In determining on appeal whether the jury was in fact confused, the court will look to the verdict. Convictions will invariably be sustained if it may be inferred from the verdict that the jury "meticulously sifted the evidence," as where it acquits on certain counts.
United States v. Wasson, 568 F.2d 1214, 1222 (5 Cir. 1978), quoting Tillman v. United States, 406 F.2d 930, 935-36 (5 Cir.), vacated in part on other grounds, 395 U.S. 830, 89 S.Ct. 2143, 23 L.Ed.2d 742 (1969).
Kaufman and Zicree contend that they were prejudiced because the jury might have considered testimony about Gonzalez when they decided to convict Kaufman and Zicree. The record does not indicate, however, that the jury was confused about the testimony. All of the witnesses clearly identified whether their testimony related to Gonzalez, or to Kaufman and Zicree. Moreover, the judge carefully instructed the jury to consider specific testimony relating to only one defendant, such as Patricia Hope's testimony about activities in Gonzalez's office, only against that defendant, and not against the others. The verdict shows that the jury actually sifted the evidence in reaching their decision on the various counts. Out of 189 counts, the jury convicted Kaufman and Zicree on only eight counts and convicted Gonzalez on only eighteen. The jury appeared to understand the restrictive instructions about the evidence because they convicted Kaufman and Zicree only on counts relating to patients at Kaufman's office, and they convicted Gonzalez only on counts relating to patients at Gonzalez's office, with the exception of the patient Lacey. Gonzalez worked together with Kaufman while Lacey was a patient in Kaufman's office, however, and the evidence sufficiently shows that Gonzalez participated with Kaufman in the mail fraud scheme during this period. For these reasons, we hold that the trial judge did not abuse his discretion when he denied appellants' motion to sever Gonzalez from the trial of Kaufman and Zicree.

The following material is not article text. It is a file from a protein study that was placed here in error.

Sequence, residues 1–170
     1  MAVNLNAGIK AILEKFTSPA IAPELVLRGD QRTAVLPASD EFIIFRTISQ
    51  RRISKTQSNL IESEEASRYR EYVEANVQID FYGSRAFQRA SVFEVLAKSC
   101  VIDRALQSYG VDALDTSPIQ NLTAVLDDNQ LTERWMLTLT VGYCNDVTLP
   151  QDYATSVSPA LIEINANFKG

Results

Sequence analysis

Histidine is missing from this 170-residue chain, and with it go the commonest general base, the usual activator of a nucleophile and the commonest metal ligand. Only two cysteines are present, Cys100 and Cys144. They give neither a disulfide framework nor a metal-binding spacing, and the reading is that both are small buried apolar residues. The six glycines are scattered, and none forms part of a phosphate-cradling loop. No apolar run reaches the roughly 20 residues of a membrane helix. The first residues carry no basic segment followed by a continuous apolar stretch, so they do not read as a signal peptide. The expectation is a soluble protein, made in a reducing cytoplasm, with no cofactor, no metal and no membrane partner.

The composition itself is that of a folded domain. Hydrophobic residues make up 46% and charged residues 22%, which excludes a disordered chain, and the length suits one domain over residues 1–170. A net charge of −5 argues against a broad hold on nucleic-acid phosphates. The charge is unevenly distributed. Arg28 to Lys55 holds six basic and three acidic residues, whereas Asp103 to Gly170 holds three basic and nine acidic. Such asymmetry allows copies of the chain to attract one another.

In appeal number 79-1875 appellants Kaufman and Zicree contend that the trial judge erred when he denied their motion for a new trial on the basis of newly discovered evidence. The evidence newly discovered by appellants is the grand jury testimony of Dr. Gaston Maya, who worked in Kaufman's office for two and a half years beginning in the middle of 1974. Appellants claim that the testimony is strongly exculpatory because Maya generally denies seeing any wrongdoing in Kaufman's office. Although the government included Maya's testimony on a 274-item discovery list presented to appellants five and a half months before the trial, appellants contend that they did not read Maya's testimony because they assumed it would be hostile, and because the government did not alert them to its exculpatory nature. Maya asserted his fifth amendment right against self-incrimination and did not testify at the trial.
The test for consideration of a motion for new trial on the grounds of newly discovered evidence can be summarized as follows: